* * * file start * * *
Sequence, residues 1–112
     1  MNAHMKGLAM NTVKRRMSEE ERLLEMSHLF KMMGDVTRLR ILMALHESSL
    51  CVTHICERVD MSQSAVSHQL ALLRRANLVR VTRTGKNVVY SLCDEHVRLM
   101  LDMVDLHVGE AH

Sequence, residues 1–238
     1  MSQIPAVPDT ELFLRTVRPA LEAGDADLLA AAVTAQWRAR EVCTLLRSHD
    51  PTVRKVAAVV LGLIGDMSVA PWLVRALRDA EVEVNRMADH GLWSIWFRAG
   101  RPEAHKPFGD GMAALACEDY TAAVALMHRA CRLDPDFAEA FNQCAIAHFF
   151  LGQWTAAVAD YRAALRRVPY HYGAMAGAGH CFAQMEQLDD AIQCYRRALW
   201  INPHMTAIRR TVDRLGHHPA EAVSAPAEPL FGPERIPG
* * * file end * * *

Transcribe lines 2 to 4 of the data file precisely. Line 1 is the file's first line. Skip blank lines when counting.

     1  MNAHMKGLAM NTVKRRMSEE ERLLEMSHLF KMMGDVTRLR ILMALHESSL
    51  CVTHICERVD MSQSAVSHQL ALLRRANLVR VTRTGKNVVY SLCDEHVRLM
   101  LDMVDLHVGE AH